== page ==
Social skills: Play gives children practice in the art of compromise. You will often hear children in imaginative play, arguing and debating about who gets which role or how the role ought to be played and if it's acceptable to behave in that way in a particular role. They are experimenting with and trying to understand the social rules of their world. They also learn to share and to take turns and to help each other. Now let's proceed to analyzing the center of the composition. There is an optical center in the middle - you will notice that the center of the composition, the major element will never be placed there, otherwise the scene will look artificial. The center of the composition will always be the most striking element, and the rest will just serve to make it more expressive. The artist may use various means to achieve this effect - the color contrasts, light and shade effects, size of objects and distance between them. Secondary elements are depicted with less detail and vigor - they have to bring forward the center, not block it. Notice the way your eyes travel the painting - intuitively you will start at the center and will proceed to the rest of the elements to refine the story. STENCILING. You may want designs on the walls, or perhaps even on floors and ceilings, in some of the rooms or hallway. You may buy or make your own stencils, which should be on heavy paper, stencil board, plastic, or metal. Avoid stencils made of lightweight paper which will get soaked when touched by wet paint. Your paint dealer will suggest the best paint for you to use, as it will depend a great deal on the surface over which you want to put the stenciled designs. Generally a heavy paint is used, so that it will not spread under the stencil while you are applying it.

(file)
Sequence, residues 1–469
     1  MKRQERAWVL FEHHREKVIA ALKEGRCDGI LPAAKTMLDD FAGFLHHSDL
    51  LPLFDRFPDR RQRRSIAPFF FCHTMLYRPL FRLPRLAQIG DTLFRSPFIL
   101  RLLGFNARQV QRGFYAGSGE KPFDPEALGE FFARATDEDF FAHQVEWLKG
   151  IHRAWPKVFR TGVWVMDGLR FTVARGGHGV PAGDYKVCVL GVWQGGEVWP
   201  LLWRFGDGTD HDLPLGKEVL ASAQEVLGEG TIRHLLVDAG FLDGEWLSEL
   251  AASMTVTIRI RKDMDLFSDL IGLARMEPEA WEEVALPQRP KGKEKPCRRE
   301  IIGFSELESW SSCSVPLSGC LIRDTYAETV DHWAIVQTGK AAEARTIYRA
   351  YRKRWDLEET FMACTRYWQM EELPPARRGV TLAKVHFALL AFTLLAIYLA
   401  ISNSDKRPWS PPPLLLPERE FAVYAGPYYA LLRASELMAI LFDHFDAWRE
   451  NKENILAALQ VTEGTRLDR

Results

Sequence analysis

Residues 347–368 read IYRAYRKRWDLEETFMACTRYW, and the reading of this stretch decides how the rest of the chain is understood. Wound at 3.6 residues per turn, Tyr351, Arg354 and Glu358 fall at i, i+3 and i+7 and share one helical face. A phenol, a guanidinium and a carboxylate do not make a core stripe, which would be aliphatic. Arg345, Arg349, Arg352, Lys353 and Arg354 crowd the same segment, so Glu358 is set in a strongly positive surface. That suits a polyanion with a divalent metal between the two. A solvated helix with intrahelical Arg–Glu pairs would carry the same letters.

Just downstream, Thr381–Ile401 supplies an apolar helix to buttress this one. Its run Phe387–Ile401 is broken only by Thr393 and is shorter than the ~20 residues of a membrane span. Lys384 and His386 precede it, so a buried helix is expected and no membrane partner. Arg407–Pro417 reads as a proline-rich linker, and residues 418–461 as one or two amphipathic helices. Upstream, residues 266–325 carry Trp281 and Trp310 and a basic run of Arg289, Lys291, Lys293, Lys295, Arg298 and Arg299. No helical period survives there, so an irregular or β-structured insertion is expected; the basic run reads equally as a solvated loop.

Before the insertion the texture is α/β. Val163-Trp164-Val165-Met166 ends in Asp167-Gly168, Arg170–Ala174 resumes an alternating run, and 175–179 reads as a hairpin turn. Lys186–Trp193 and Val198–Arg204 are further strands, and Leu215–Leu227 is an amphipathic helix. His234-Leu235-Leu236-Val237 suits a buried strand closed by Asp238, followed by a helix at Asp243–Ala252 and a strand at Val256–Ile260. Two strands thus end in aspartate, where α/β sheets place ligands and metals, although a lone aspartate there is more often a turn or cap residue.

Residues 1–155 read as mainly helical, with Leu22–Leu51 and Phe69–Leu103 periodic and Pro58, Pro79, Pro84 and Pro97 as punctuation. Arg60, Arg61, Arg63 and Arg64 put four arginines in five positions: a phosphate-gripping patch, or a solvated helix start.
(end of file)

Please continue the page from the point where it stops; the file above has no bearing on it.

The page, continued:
Which skills does play develop? Gross motor: This is the obvious area. People see children running and climbing and can clearly see that they are developing their muscle strength, coordination and balance. Parents want their children to quickly move from doing this in free play to participating in organised sports. While organised sport is good for children, if the child's gross motor activity becomes too regulated too soon, he is going to specialise in some movements (those specific to his sports) and miss out on the development of others (such as climbing trees). The more diverse a child's physical play can be, the more chance he has of developing his muscles and overall coordination in a balanced way. He is less likely to develop early tight tendons ( I see many children with tight tendons at the back of the knees) and less likely to develop weak core muscles (we are seeing more and more young children walking around with poor posture due to weak core muscles). Green is one of the main colors. It is physiologically optimal since this is the color of the natural environment, under the conditions of which people's color vision was created. Green color corresponds to stability, strength, constancy, perseverance, willpower, and the feeling of self-significance. Green color symbolizes prosperity and new beginnings, it calms you down and counterbalances. This color neutralizes the effects of the main colors and helps disperse negative emotions. It brings tranquility and peace, helps concentrate and increasing your likely hood in making decisions. Will the color fade? Now this is a very broad question with various answers. Hair color fading is due to many factors. First of which is, the ability of the hair to hold hair color. We call this porosity. If the hair is overly porous it will have a problem holding hair color. There are ways a stylist can usually alleviate this problem. Once in a while the hair is so damaged it absolutely impossible for the hair to hold color. Your stylist should always have the skills to evaluate these situations, and recommend certain conditioning treatments to bring the hair back to a normal porosity. Always use a sanding block for flat surfaces. Just your hand behind a thin piece of sand paper can leave grooves and low spots. It's also easier on your hands. For inside curves try wrapping the sand paper around a short section of garden or heater hose. This will help approximate the concave curve and help stay away from sanding through hard edges. On hard edges, like the top ridge of a fender or leading edge of a hood, you need to do this by hand. A sanding block will quickly dig right through the paint on a hard edge and take you down to bare metal. This means primer and more sanding.